Pakistan continues with controversial plan to turn coal into diesel
October 15th, 2012 | Technology Times | No Comments
PAKISTAN IS pushing ahead with a controversial plan to produce synthetic diesel through underground gasification of its vast coal deposits in the Thar desert in Sindh province. According to the precise estimates, the Thar carries the worlds second biggest coal deposits amounting to around 185 billion tons which have the cost of three trillion dollars in the international market.
However, the Thar Underground Coal Gasification project had hung in the balance for the last 14 months following the sharp criticism led by Abdul Qadeer Khan, the nuclear scientist, and Shahid Sattar, member of the Pakistan Planning Commission. But in August last, the project received close to $10 million from the government as a green signal.
Samar Mubarakmand, the Thar UCG head and PPC member for Science and Technology, has said that “It’s a pity that the funds were withheld for 14 months and released on the intervention of the prime minister of Pakistan. We will be in a position to produce diesel from coal within months, using the Fischer-Tropsch method.”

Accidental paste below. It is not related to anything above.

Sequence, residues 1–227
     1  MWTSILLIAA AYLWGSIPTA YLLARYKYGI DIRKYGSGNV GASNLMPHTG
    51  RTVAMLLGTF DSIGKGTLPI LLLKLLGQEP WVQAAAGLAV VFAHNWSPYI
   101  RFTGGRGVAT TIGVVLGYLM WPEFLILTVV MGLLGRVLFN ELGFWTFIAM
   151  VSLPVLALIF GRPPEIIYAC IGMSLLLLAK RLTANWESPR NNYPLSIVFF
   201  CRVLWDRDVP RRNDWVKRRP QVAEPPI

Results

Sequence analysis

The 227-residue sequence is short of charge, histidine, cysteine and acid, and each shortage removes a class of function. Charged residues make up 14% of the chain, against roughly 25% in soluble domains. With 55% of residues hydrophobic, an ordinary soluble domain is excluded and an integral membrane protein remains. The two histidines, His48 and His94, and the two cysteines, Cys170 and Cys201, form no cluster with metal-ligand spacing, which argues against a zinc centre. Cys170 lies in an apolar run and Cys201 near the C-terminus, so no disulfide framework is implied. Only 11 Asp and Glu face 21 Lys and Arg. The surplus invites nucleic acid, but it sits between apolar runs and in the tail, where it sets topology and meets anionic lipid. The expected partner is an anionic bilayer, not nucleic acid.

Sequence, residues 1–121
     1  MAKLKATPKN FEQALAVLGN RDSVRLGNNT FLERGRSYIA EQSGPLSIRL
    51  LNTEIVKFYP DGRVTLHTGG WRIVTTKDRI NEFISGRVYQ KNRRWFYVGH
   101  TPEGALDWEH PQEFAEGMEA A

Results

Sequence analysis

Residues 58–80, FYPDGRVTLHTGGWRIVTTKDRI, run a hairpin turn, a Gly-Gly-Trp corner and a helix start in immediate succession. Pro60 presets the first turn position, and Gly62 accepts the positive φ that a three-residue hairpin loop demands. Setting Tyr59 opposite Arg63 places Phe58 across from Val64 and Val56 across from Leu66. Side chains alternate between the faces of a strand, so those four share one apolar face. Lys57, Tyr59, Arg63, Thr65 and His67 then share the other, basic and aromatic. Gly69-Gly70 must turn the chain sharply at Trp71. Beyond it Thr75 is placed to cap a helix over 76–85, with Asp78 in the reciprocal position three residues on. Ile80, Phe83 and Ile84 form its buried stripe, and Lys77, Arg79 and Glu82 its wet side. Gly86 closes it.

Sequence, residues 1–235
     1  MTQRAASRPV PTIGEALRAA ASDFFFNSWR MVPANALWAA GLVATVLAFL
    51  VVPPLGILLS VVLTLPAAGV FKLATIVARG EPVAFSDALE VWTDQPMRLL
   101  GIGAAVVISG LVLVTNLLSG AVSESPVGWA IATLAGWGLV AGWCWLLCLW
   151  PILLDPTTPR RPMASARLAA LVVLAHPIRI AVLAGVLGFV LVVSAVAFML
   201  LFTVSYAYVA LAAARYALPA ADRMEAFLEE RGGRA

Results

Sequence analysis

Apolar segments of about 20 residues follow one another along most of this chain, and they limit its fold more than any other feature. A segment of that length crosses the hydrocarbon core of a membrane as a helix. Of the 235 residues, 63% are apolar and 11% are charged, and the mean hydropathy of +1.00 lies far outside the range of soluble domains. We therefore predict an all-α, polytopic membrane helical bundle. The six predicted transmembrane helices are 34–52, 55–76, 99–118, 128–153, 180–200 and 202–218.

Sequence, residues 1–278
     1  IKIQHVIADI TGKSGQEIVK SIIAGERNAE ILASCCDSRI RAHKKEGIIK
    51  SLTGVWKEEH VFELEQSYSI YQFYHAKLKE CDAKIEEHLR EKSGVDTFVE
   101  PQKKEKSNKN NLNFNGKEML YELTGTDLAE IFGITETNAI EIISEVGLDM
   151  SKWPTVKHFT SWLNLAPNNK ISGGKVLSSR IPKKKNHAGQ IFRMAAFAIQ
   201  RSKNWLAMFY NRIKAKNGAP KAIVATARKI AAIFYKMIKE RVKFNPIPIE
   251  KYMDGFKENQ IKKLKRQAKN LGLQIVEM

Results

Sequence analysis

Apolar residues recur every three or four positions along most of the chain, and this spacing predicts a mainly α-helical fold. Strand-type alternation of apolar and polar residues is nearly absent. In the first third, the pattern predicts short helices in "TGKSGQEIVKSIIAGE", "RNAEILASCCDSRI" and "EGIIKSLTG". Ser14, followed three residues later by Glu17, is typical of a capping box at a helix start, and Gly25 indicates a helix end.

The Fischer-Tropsch process converts into liquid hydrocarbons a mixture of carbon monoxide and hydrogen derived from coal, natural gas or biomass feedstock. The Thar project will use lignite, a form of coal and a fossil fuel.
Samar Mubarakmand said that the cost of producing one barrel of diesel from Thar coal would be $40. While this is higher than the $25 South Africa spends on producing diesel from coal and the $28 by China, Pakistan imports diesel at up to $120 a barrel.
He said that Pakistan need not worry about technology transfer costs. We are planning to enter into joint ventures with international partners. They have done their costing which also covers this aspect.
Criticism of the UCG project by Dr. Abudl Qadeer Khan and some coal technology experts has centred on the alleged failure by Samar Mubarakmand to convincingly demonstrate his claims of being able to produce cheap energy from Thar lignite.
Shahid Munir, Director of the Centre for Coal Technology, University of the Punjab, commented that there should be an independent feasibility study of the project by an internationally reputed agency to settle the controversy.
Arshad Abbasi, an Advisor on Energy at the Sustainable Development Policy Institute, Islamabad, said that the project may not be viable in any case because of the Thar lignites low calorific value and high vapour content.
But, according to Samar Mubarakmand, the low calorific value would be offset by the large deposits of lignite an estimated 185 billion tons spread over 9,000 square kilometers of the Thar region.
Experts are of the strong view that following the persistent energy crisis in the country, the government should come up with a solid and practicable approach so that the energy policy especially the alternate energy options including the proper usage of the Thar coal is implemented effectively as it is, no more, in a position to continue with this crisis.
Shahzada Irfan Ahmed
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